Asked if Father Coughlin would
support his candidacy for the guber-
natorial nomination, Murphy said:
"Father Coughlin is a friend of
mine and has been for many years,
but I don't know what his plans are."4
He said he talked with the Detroit
priest a short time ago, but would
not disclose the nature of their con-
versation.
St. Paul Officer
Denies Charges
Of Kidnapingr

Rebel Leader Proclaims
Immin ent Fall Of Madrid;
U.S. .N-ationals In Danger

V

-

l

DETROIT, July 22.-(IP)-Five men
charged with the Black Legion "thrill
killing" of a Negro hod carrier dur-
ing a drinking party at a lake resortj
were ordered held today without bail,
for examination next Tuesday on

atate Department Seeks
Aid Of Private Shipping
To Evacuate Americans
Cruiser To Reach
Gibraltar Sunday
led Committee Takes Over
Distribution Of Arms In
Madrid
WASHINGTON, July 22.-(P)-The
tate Department tonight called on
L private shipping company for aid
n evacuating Americans at Barce-
ona, Spain after hearing that au-
;horities there were unable to guar-
ntee the safety of United States
'itizens and other foreigners.
WASHINGTON, July 22.-(P)-
?evealing that a number of Amern-
ans have been under fire for two I
[ays in their hotels in Madrid, the
kmerican embassy in the Spanish
apital today advised the State De-
)artment it was fortifying itself as a
efuge for all United States citizens
.n that city.v
This information, filed at 3 p.m. s
Madrid time and telling of a threat- t
med food shortage there, came close t
>n advices that authorities of two I
>ther revolution-torn Spanish cities p
-Barcelona and Malaga-had ac-
nowledged their inability to guaran-t
ee the safety of Americans and oth-E
r foreigners in those localities. a
(By the Associated Press)1
Fresh battles, with scores reported
killed and wounded, drew war-tornt
Spain's attention to a driving rebelF
advance in the North Wednesdays
night.
Simultaneously, Fascist planes and r
government warships engaged in anr
air-sea clash which sent shell frag-
nents whistling into British Gibral-
tar.
Liberals, seeking to halt the on-t
narching insurgents, fought to re-
gain the Northern resort town of San X
Sebastian in an all-day clash. Right-r
ist leaders asserted they held control
of generous areas East and North ofI
the scene.
In Washington the Department of1
State considered assigning an Ameri-
can fleet permanently in European
waters as a protective measure to
United States citizens.c
Secretary Hull disclosed such con-
sideration was being given after the
state department had ordered two_
American ships to Spain to evacuate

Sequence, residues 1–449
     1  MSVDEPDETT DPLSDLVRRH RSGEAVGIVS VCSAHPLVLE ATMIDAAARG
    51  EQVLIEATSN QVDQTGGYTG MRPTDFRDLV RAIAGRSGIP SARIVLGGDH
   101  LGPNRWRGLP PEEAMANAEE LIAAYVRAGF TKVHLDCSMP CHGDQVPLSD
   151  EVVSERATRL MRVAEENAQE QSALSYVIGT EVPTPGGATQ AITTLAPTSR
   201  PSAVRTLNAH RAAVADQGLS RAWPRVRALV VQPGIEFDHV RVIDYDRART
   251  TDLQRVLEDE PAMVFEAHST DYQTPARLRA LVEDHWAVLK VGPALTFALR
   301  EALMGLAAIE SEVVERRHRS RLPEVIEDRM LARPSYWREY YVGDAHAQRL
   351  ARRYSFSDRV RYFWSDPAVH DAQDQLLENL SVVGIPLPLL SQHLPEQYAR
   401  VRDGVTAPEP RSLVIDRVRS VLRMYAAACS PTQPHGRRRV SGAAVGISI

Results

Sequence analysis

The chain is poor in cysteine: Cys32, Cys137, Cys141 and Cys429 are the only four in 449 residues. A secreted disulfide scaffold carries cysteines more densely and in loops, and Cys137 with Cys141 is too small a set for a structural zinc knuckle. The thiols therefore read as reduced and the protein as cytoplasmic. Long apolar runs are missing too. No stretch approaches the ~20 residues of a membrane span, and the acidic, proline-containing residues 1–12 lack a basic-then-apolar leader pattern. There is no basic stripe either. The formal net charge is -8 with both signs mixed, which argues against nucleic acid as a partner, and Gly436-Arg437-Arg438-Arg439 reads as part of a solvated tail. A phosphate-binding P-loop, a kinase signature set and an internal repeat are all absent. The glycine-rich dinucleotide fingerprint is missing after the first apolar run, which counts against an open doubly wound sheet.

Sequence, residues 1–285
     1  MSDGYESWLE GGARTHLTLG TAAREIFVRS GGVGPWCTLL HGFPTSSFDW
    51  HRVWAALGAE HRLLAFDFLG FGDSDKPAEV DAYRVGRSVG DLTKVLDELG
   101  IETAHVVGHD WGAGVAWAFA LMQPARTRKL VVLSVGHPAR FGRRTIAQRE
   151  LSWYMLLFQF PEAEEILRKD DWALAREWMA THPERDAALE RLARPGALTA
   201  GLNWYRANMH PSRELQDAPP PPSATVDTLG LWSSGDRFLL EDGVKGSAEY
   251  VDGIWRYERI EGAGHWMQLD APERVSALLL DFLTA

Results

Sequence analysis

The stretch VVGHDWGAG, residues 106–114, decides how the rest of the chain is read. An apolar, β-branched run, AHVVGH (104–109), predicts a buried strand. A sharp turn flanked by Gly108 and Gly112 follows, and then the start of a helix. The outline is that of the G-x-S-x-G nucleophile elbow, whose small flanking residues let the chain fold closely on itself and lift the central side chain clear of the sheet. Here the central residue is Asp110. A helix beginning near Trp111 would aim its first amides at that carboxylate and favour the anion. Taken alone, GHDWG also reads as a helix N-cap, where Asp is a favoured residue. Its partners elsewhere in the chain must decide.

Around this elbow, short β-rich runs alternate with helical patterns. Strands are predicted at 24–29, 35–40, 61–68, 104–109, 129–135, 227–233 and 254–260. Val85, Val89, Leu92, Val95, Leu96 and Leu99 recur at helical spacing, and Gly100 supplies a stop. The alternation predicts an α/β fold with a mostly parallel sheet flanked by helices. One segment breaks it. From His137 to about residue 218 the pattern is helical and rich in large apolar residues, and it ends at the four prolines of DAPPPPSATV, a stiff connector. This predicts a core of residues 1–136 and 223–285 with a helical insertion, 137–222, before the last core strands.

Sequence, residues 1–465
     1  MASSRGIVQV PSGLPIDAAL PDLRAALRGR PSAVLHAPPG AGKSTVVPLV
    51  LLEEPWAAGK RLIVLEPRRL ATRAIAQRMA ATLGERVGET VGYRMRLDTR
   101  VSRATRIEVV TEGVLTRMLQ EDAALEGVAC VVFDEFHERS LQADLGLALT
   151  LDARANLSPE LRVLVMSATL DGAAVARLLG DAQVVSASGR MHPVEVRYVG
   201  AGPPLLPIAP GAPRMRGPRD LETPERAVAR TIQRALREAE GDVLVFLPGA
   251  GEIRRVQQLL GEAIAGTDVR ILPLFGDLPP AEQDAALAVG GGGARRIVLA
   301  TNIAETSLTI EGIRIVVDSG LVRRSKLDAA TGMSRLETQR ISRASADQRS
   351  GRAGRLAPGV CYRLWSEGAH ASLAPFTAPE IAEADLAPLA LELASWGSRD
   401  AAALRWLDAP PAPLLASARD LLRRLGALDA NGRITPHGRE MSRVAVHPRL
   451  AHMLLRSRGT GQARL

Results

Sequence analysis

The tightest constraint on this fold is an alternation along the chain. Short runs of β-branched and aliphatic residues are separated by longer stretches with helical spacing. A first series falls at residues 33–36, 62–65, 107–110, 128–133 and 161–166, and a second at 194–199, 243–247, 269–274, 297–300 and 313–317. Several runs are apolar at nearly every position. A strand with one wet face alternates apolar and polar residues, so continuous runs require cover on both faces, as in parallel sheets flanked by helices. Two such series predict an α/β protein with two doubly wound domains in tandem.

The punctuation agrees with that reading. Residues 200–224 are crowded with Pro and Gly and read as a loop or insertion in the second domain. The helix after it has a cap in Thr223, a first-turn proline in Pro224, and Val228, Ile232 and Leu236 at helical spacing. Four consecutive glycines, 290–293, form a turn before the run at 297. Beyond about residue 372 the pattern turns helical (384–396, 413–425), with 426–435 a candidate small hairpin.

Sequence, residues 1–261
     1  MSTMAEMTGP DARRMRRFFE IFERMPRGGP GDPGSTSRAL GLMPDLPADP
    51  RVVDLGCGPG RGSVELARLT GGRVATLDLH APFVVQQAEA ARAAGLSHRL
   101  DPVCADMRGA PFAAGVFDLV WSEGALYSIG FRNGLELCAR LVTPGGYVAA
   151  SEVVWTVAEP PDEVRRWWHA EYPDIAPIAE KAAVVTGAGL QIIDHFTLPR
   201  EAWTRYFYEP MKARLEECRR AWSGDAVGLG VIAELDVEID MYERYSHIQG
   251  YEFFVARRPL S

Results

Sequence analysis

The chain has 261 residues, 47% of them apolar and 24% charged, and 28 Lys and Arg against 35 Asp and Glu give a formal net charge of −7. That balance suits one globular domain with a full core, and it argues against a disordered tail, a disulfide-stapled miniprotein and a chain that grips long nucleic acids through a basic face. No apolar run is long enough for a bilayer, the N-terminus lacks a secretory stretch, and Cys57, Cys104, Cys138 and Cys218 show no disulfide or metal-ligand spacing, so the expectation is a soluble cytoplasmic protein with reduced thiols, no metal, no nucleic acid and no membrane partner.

American nationals if necessary.
The Cruiser Quincy will arrive in
Gibraltar Sunday, the Navy Depart-
ment announced, while the battleship
Oklahoma sails from Cherbourg,
France, for Bilbao, Spain, at mid-
night tomorrow.
In Madrid itself, a "red commit-
tee" took over distribution of arms
while militiamen, aided by women,
organized motor .patrols to drive
rampaging Fascists from the streets.
Private reports to Paris asserted
government troops and rebels clashed
in two towns within 50 miles of the
capital. The battles were reported to
have occurred at Villalba and San
Martin de Valede Iglesias.
In Paris, the French Socialist Or-
gan owned by Premier Leon Blum ex-
tended sympathy to the Leftist Span-
ish government. The French govern-
ment, thenewspaper Le Populaire
said, is "entirely in fellowship with
Spain's anti-Fascist government."
350 Attend First
League Tea Dance

More than 350 students and mem-
bers of the faculty attended the first
tea dance of the Summer Session
held from 3:30 to 5:30 p.m. yester-
day in the League Ballroom.
Dr. Margaret Bell and Mrs. Lucile
B. Conger poured at the tea. Mary
Andrew was in charge of arrange-
ments and Marjorie Mackintosh in
charge of decorations. A group of

Goslin and
double steal
mon's hit.

New Camera Column To
Appear In Summer Daily
Beginning with today's issue,
The Daily will run a camera col-
umn titled "The Lens." The col-
umn is being conducted by Robert
L. Gach, an expert in all fields of
photography. Whether the column
will be run daily is to be deter-
mined by the number of questions
regarding photographic problems
being submitted to Mr. Gach.
Address all communications to
this column to Mr. Gach personal-
ly or to The Michigan Daily, May-
nard Street, Ann Arbor.

Heavy Fighting Reported
In North Of Spain; Both
Sides Claim Victory
British Stronghold
Threatened In Fight

Walker then pulled the
and both scored on Sim-
That was four runs and

another was added in the second.
when Auker singled and scored on
successive hits by Burns and Rogell.
That gave Auker a five-run lead to
work with.
Elden retired the A's in the first